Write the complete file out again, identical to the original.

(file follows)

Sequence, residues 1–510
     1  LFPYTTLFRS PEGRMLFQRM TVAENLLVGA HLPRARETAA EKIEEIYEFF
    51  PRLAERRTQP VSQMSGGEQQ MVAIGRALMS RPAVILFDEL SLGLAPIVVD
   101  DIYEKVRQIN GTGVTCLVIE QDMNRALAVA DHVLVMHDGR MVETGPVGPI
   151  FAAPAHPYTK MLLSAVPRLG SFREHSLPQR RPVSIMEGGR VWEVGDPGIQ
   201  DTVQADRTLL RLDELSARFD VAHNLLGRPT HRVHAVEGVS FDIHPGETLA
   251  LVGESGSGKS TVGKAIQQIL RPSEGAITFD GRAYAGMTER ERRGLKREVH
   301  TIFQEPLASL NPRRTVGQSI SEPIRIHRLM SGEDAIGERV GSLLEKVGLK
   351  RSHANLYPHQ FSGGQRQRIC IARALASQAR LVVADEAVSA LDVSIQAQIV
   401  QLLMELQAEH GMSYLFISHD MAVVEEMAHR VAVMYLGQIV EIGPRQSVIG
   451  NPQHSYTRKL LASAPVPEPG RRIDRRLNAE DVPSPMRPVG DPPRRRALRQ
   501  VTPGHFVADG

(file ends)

Sequence, residues 1–510
     1  LFPYTTLFRS PEGRMLFQRM TVAENLLVGA HLPRARETAA EKIEEIYEFF
    51  PRLAERRTQP VSQMSGGEQQ MVAIGRALMS RPAVILFDEL SLGLAPIVVD
   101  DIYEKVRQIN GTGVTCLVIE QDMNRALAVA DHVLVMHDGR MVETGPVGPI
   151  FAAPAHPYTK MLLSAVPRLG SFREHSLPQR RPVSIMEGGR VWEVGDPGIQ
   201  DTVQADRTLL RLDELSARFD VAHNLLGRPT HRVHAVEGVS FDIHPGETLA
   251  LVGESGSGKS TVGKAIQQIL RPSEGAITFD GRAYAGMTER ERRGLKREVH
   301  TIFQEPLASL NPRRTVGQSI SEPIRIHRLM SGEDAIGERV GSLLEKVGLK
   351  RSHANLYPHQ FSGGQRQRIC IARALASQAR LVVADEAVSA LDVSIQAQIV
   401  QLLMELQAEH GMSYLFISHD MAVVEEMAHR VAVMYLGQIV EIGPRQSVIG
   451  NPQHSYTRKL LASAPVPEPG RRIDRRLNAE DVPSPMRPVG DPPRRRALRQ
   501  VTPGHFVADG